It has been 30 years since climate scientists first started warning the public of impending doom, culminating in a Nobel Peace Prize being awarded to Al Gore and the Intergovernmental Panel on Climate Change (IPCC) in 2007. However, in the last decade, the voices of concern have grown increasingly tepid and muted due to the failure of catastrophic warming to materialize. A recent example of this backpedal occurred in Montana Glacier National Park (GNP), where signs stating that the glaciers would disappear by 2020 have been quietly removed.
The reason for their removal is that the glaciers show no sign of disappearing. In fact, after a decade-long period of shrinking, it now appears the glaciers are growing.
GNP has replaced the “gone by 2020” statements with the more moderate notice that the glaciers will disappear in “future generations.” It is no longer the glaciers that are retreating but the claims of imminent disaster.
A New Danger
While such moderation is an indication of reality slowly catching up with the doomsayers, the backtracking is probably too little too late. A danger far more significant than global warming looms on the horizon: the death of trust in science.
Many people have lost faith in societal institutions. They don’t trust the media or politicians, and religious observance has been on the decline for decades. But largely holding its ground is science. Most may not be able to trust fake news, but scientific evidence and reason still are held in high regard.
What would happen to the fabric of society if these last trusted vestiges were to be shattered? Probably nothing good.
A whole generation has grown up hearing that precipitous climate disaster is “settled science.” The truth is that climate science is highly uncertain and vigorous scientific debate has been present all along. In the public eye, however, those who question the disaster narrative have been labeled “climate deniers.” As the climate refuses to warm as much as the IPCC predicted, more people shift slowly toward the more skeptical position.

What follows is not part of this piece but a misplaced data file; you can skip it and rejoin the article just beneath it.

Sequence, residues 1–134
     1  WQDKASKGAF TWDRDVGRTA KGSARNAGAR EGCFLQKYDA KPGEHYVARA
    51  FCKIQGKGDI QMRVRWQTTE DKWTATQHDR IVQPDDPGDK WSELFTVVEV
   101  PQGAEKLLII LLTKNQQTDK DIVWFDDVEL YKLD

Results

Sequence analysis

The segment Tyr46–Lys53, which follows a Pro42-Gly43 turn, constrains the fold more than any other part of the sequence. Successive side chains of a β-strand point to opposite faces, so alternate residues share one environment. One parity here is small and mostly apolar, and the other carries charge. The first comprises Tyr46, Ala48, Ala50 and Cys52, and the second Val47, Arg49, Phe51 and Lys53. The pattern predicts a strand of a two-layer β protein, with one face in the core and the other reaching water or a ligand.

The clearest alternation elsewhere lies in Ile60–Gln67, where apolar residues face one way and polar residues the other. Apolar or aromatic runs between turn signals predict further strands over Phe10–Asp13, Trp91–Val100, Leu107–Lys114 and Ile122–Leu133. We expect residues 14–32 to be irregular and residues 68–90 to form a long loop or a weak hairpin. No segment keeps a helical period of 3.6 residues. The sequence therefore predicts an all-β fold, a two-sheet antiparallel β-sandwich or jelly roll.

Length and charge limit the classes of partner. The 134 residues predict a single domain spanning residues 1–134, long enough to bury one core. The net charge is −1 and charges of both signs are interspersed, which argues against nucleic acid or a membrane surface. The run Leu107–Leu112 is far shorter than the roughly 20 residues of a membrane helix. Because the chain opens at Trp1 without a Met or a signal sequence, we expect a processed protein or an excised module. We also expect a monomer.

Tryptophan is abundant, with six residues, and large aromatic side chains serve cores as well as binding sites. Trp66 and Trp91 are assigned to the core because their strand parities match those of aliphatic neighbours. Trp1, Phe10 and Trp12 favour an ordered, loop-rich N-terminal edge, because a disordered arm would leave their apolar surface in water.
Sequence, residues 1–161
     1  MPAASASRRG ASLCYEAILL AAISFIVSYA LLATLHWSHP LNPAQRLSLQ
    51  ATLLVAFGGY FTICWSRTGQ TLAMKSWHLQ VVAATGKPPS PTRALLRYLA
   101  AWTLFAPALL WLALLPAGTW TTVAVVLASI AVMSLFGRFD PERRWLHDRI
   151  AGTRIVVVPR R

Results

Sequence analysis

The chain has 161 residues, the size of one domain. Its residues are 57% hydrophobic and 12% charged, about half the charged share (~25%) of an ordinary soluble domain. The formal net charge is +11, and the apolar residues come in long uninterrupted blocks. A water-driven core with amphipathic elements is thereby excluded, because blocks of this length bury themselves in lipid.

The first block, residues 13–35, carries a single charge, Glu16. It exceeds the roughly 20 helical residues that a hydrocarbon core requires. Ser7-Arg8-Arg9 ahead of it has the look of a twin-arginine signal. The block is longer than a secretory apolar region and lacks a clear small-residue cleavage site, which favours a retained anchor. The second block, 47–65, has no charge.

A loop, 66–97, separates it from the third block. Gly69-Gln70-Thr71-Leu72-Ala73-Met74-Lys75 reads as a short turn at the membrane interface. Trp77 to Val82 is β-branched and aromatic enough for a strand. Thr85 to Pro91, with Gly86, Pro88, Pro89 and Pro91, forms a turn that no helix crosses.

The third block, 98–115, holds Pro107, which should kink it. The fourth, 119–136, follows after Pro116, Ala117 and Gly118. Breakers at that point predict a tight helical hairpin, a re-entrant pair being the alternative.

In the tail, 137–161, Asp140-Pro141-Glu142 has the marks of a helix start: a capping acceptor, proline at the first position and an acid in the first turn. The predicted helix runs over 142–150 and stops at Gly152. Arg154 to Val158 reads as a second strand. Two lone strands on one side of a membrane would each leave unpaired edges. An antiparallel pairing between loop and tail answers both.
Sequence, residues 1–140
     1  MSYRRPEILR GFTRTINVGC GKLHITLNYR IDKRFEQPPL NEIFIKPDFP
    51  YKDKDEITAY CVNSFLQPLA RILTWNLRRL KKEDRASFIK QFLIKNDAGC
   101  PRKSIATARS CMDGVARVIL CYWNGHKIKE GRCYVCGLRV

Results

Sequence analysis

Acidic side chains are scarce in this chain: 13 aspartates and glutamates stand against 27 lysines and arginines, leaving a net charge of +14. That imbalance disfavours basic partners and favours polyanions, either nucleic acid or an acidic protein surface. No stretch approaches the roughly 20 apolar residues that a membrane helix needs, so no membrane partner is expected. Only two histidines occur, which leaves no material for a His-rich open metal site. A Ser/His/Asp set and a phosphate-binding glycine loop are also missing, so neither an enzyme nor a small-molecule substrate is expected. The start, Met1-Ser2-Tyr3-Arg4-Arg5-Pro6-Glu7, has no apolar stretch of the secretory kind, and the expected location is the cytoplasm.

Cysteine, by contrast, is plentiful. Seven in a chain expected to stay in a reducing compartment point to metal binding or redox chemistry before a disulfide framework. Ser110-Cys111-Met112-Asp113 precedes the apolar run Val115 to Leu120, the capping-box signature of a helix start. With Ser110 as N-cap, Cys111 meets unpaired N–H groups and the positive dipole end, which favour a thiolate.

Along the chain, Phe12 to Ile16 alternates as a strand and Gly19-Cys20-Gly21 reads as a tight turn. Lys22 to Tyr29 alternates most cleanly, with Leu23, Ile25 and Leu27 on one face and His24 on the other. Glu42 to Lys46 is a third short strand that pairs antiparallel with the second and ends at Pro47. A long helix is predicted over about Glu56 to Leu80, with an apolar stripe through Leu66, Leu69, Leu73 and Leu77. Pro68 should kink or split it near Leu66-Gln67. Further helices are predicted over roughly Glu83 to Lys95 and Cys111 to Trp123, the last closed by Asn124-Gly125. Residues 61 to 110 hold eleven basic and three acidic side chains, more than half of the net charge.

At some point, a lot of people will understand that the mainstream narrative should be tempered. What they have been told was “settled science” may be riddled with fake news. The tendency toward blanket advocacy of one side of the climate debate has diluted trust in scientific reporting in the media.
The Red Pilling Effect
One hopeful outcome is the red pilling effect. That is, those who discover they have been duped in one area are likely to question other areas. In the case of climate, scientists best positioned to benefit from such awakening are those who have reported solid research and facts that contradict the massive media bias.
Of course, some of the “awakened” go too far and react by gobbling up any conspiracy theory that goes against established wisdom. Recent polls show that the beliefs in a flat earth, anti-Semitic tropes, and the faked moon landing are on the rise. Red pilling can be a double-edged sword.
The “settled science” climate myth is being battered by facts on the ground. Reasonable people should demand more balanced coverage from the media on legitimate scientific inquiry into climate that doesn’t fit perfectly into the one-sided propaganda delivered for the last couple of decades. A commitment to truth and reason is more critical than ever. This will result in a more trusted media and a more fulsomely informed public.
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